With good reason! PSA sent out emails re: the show a year ago. Asking coaches if they knew anyone who would be interested. No serious coaches wanted to touch it. Especially since USFS sent all clubs a message that any skater who participated in the show would lose eligibility. No talented skater, in their right mind, would do that. I can't see any serious coach risking the ire of USFS by participating either. Plus, it would ruin their reputation. When that one coach said something about skaters wanting to take from coaches who produced hardware (AKA medals) I almost choked!
I can't imagine any of those skaters being able to compete at Juvenile or Intermediate. I can't see them competing at Pre-Preliminary and doing well. But, remember ISI rules are that you cannot do any element that is a higher level than what is required at that level. USFS levels have a minimum element level. So, in ISI if axel is the required jump, you cannot do anything higher than that. In Juvenile, where axel is required, you can do triples if you're able to, with no penalty.
ISI used to be the entry level for almost all skaters. Rinks had the membership with ISI and based their group lessons on them. Awarded badges for ISI levels passed. This was prior to USFS initiating their own Learn to Skate program. Now most rinks use the USFS program. But, in the "old days", skaters stayed with ISI until around freestyle 5, which required an axel. At that point, they usually switched over to USFS, if they had ability. Before FS 5, most skaters did both, just for competition experience. But, at Juvenile, the difference in what you could do for an ISI program and what would be expected to do well in a USFS program became too far apart and was no longer viable.
These coaches do not represent ISI or NJ coaches. They are loud, obnoxious, and full of crap. They misrepresented the LP competition as Regionals. The show doesn't do anything to let the viewer in on the fact that these are recreational skaters. All this is is another opportunity to make NJ look bad and make Italian Americans look bad.
No, triples have been illegal at juvenile level in the US for at least 10 years. There was some controversy among her peers who felt she was sandbagging when Julia Vlassov was practicing triples on the warmup for her juvenile competition at Junior Nationals.
They are legal in intermediate, though -- even in the short program as of last? year.
Ah, I stand corrected. I've been out of the jump loop for a while . Doubles are permitted, correct? The point is that even though the two levels have the same element requirement for testing, the competition structure is completely different.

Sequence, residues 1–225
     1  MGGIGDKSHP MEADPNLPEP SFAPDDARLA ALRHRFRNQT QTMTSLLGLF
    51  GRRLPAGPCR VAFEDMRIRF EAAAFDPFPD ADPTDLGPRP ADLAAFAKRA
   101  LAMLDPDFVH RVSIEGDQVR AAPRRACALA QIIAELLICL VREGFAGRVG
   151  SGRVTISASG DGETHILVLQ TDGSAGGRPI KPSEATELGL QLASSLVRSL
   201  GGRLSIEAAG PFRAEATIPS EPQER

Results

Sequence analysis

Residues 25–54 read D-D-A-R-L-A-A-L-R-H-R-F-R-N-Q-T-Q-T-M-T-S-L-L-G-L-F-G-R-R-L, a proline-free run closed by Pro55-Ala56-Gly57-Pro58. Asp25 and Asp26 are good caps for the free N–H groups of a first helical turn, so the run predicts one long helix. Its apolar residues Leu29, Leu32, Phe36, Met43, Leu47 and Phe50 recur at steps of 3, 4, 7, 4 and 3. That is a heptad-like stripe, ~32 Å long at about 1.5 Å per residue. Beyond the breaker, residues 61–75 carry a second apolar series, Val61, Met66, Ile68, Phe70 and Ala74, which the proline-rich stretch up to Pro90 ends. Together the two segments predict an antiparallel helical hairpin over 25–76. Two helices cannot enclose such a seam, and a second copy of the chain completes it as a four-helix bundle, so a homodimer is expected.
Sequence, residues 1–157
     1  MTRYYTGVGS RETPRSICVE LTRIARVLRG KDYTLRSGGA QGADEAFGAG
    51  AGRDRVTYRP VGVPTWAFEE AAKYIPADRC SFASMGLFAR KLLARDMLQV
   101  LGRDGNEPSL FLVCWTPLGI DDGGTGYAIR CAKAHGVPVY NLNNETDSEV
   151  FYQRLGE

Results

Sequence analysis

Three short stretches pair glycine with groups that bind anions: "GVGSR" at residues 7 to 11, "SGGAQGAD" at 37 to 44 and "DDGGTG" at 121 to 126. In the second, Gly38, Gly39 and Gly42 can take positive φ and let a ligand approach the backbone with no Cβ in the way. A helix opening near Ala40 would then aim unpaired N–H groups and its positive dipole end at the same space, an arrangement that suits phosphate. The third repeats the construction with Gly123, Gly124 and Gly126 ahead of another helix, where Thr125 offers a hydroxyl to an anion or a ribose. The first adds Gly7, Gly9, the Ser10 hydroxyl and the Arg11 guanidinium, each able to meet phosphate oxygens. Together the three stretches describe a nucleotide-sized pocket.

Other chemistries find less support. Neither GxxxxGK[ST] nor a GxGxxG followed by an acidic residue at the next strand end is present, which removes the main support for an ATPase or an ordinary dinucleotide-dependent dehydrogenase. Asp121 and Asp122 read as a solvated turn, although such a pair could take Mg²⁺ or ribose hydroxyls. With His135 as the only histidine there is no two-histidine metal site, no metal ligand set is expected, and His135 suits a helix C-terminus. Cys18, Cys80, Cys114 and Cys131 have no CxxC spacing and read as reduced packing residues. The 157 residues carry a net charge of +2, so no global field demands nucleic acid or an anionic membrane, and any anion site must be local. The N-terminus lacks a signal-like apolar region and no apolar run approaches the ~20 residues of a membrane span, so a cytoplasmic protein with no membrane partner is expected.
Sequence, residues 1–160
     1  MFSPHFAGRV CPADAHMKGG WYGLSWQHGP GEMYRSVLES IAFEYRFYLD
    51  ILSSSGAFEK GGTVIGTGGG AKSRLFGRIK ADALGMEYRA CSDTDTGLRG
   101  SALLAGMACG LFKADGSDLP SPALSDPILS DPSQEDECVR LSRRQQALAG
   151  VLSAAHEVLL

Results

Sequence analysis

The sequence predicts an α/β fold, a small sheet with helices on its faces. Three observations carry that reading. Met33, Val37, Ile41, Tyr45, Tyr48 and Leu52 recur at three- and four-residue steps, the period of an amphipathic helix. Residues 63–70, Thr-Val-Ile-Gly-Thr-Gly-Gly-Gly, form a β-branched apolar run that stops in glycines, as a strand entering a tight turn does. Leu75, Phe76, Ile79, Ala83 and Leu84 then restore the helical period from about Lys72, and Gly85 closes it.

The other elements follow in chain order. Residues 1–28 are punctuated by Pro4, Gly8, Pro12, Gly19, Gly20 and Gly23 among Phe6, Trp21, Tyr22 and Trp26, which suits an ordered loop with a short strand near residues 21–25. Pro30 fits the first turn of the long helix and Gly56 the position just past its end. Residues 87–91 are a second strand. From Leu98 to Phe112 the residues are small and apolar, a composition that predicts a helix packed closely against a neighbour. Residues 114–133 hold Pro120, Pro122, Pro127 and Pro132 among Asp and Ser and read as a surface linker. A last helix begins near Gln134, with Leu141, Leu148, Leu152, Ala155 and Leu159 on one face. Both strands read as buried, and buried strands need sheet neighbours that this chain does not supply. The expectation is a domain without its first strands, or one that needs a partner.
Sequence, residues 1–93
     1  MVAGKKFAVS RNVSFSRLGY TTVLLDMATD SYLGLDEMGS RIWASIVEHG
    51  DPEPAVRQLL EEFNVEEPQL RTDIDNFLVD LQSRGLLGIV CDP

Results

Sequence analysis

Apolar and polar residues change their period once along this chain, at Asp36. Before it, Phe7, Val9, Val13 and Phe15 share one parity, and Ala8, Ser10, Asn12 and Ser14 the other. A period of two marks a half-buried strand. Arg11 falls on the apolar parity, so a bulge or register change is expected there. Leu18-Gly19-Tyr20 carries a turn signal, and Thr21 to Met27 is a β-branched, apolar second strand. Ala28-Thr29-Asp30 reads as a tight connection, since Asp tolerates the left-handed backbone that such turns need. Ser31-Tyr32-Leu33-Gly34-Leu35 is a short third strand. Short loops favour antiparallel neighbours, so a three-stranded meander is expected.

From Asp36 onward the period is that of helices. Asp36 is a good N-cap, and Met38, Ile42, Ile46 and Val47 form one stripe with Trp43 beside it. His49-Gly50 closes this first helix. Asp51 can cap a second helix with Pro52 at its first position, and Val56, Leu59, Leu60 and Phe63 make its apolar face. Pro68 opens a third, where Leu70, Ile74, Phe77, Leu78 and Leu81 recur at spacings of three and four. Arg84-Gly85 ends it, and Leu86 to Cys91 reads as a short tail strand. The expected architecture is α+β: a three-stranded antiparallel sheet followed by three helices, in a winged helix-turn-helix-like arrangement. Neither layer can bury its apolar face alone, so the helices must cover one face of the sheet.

Yes. The hardest jump allowed in juvenile is double axel.
Pre-juvenile allows all doubles except double axel.
http://www.usfigureskating.org/content/Singles FS Elements 2012-2013 No test - Pre Juv.pdf
Just took a look at the sparkly competition and made-up medal ceremony - I guess she/they went for it since Fraser/Lukanin are 2 of the judges for the competition & she gives out the medals at the end.
They can always run for Mayor of Newark if this skating coach gig doesn't pan out.
Do you have to infiltrate every thread with digs at Corey Booker?
Maybe she's thinking he'll beat Christie for Governor.
If any subject deserves to be in the trash can, this one does. What a disgrace.
Do you really think I'm just talking about him?
This is a Jersey thread, I can infiltrate it with whichever Jersey reference I want.
What a Smugpaw...
Maybe *I* should get my own Jersey reality show. What do these big mouth annoying coaches have that *I* don't have?
Dorothy, Tin Man and Scarecrow together: "Courage?"
From the ISI official f.b. page:
Good for ISI.
Wow, just wow. Good for ISI, for sure.
What, you mean the ISI wasn't behind the ploy that sent the rival coach to that dinky bar where frothy pink cocktails are part of the set decoration?!
And from the current Director of the PSA on their FB page:
"In response to the reality TV show “Jersey on Ice”, the Professional Skaters Association acknowledges the show has reflected poorly on the sport of competitive figure skating, and the coaching community. Having viewed the production of “Jersey on Ice,” the show sensationalizes and dramatizes the relationship between instructor, parent, and skater. It is not consistent with the traits that members of the PSA espouse or represent.
The Professional Skaters Association reminds members that it is their responsibility to act in a manner fitting a PSA member, including exercising the greatest care, professionalism and ethical behavior. Only through their professionalism and diligence will the coaching profession and figure skating be viewed positively."
Oh dear. Perhaps courage is an overrated virtue.
They should have considered that before they encouraged coaches to do this.